Oil Change International

Exposing the true costs of fossil fuels

The Living Dead: will Big Oil’s record profits turn us all to zombies?

$100 Billion. That’s what the big 5 oil companies have made in profits since January 1. $102.85 billion to be more precise, according to my own calculations (see table below).

That means that they’re on course to top $140 billion for 2011. More if oil prices keep rising. And that’s in a year when unemployment has soared and unrest has spread to all corners of the world driven by economic and social inequity.

Yet as these mega profits are extracted from us in the course of our daily lives, the U.S. government continues to grant subsidies, tax relief and royalty relief to the U.S. oil industry.

The industry tells us that if we take their subsidies away then they won’t be able to afford to drill as much as they do and oil prices will go up even more. I don’t know about you but I’m feeling just a little bamboozled by that one. If there’s any sector out there right now more able to pay a little more in tax I’d like to know about it.

But are we going to see oil and gas subsidies cut in the trillion dollar budget cutting plan being hammered out by the super committee? Given how much campaign money the committee gets from the sector it’s not looking good.

Indeed as Matt Price so eloquently describes in today’s Tyee, the industry continues to defend its subsidized existence without irony in a manner reminiscent of a certain genre of B movie. Yes, the zombie cry of “Oiiiiiil” can be heard from Alberta to Texas and Ottawa to Washington as the North American oil industry digs in against the nascent clean tech era.

As Matt describes, “the ideology of oil is that because oil exists, it must be got, and it must be burned. Any critics must be deranged, damaged, discounted, discredited, and dismissed. Nothing must be allowed to stand in the way of “Oiiiiiil…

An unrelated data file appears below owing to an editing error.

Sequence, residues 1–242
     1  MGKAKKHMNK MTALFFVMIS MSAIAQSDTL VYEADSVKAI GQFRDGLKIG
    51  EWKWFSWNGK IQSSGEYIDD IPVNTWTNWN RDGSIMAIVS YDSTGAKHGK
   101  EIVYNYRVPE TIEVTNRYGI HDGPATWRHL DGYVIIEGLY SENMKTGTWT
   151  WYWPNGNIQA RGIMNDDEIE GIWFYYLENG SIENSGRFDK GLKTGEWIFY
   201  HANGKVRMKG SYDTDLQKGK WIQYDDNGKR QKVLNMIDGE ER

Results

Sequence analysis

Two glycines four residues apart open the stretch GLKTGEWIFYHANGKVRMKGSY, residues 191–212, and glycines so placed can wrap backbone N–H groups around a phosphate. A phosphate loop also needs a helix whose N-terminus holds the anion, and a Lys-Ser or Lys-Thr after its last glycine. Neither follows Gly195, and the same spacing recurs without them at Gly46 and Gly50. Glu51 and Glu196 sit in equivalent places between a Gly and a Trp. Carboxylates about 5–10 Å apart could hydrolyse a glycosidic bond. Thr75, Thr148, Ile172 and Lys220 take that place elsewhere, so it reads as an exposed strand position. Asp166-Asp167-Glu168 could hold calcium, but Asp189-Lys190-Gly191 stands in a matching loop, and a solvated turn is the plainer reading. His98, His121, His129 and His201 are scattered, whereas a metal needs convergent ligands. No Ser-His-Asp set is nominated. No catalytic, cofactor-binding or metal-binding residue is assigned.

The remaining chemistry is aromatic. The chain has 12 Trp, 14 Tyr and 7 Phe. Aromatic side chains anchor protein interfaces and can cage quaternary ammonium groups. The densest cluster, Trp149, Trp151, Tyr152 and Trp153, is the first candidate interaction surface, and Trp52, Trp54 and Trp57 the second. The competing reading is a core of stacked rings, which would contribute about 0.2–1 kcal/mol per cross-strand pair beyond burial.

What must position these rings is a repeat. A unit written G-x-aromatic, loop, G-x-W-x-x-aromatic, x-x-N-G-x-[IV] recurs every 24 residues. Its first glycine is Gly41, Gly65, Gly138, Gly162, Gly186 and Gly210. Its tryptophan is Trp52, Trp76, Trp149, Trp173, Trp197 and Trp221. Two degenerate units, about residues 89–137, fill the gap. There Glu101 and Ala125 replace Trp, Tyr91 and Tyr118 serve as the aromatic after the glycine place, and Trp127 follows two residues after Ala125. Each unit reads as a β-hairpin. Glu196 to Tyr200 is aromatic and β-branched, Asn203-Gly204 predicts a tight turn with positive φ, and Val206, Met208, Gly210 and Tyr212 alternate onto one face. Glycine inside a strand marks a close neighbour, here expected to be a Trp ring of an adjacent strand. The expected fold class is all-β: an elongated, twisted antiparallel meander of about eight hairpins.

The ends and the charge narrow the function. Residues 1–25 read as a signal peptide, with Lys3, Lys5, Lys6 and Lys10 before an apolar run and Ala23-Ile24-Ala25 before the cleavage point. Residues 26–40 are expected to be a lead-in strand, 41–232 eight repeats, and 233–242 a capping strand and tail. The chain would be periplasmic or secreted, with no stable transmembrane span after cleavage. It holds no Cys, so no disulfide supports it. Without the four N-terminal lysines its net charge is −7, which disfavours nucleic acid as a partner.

Over at Transition Voice, where the vision of a world free of oil zombie domination is daily discussed, Erik Curren writes that Big Oil has so far gotten off lightly in the Occupy movements spreading round the globe. Perhaps surprising in the face of such lavish profits. Not that the Occupy protesters have ignored them completely but that the focus on banks has dominated for obvious reasons. Erik argues that Big Oil’s role in the corporate fleecing of the 99% is easily as pernicious as Wall Street’s.

Erik lays out 5 key ways to Occupy Big Oil. Perhaps with the implementation of these 5 principles the world may one day be safe from the zombies that threaten to change the face of the planet.

  1. Get oil money out of politics
  2. Cut direct subsidies to oil companies
  3. Cut indirect subsidies for oil through ARSE (auto/road/sprawl) Complex.
  4. Remove barriers to renewable energy
  5. Conserve and localize.

It’s still not too late to vanquish the zombie curse. Trick or treat anyone?

 

Big 5 Oil Companies 2011 Profits in $Billions

Q1 Q2 Q3 Total
BP 5.48 5.30 5.14 15.93
ConocoPhillips 3.02 3.40 2.63 9.06
Chevron 6.22 7.73 7.82 21.78
ExxonMobil 10.65 10.68 10.33 31.66
Shell 8.78 8.66 6.97 24.41
Big 5 34.16 35.78 32.90 102.85

Source: Quarterly results announcements from company websites.

Comments (2)

  1. Earl Richards says:

    The CEO of Nabors Industries, just retired with a payout of $100 million. The oil profits must be going somewhere.

  2. You have the facts correct about oil company profits, which are huge because they are huge enterprises. Good to consider profit margins — less than 10% on average, compared to massive profit margins in other businesses like Apple and Google. Oil is a mature, very competitive business. It’s easy to lose money at it, for instance Marathon and Anadarko this quarter.

    I agree that depreciation allowances seem weird, but they also exist in law for mining (iron ore, coal, etc). Changing the tax code is fine with me, but it will hurt thousands of small U.S. oil companies and make refined products (gasoline, diesel) more expensive.

    I understand perfectly well that folks would like to use less oil. Unfortunately liquid fuel is the most efficient source of power for aircraft, farm equipment, transport, and heavy equipment. Economic growth is propelled by liquid fuel. Cutting oil consumption is cutting your own throats.

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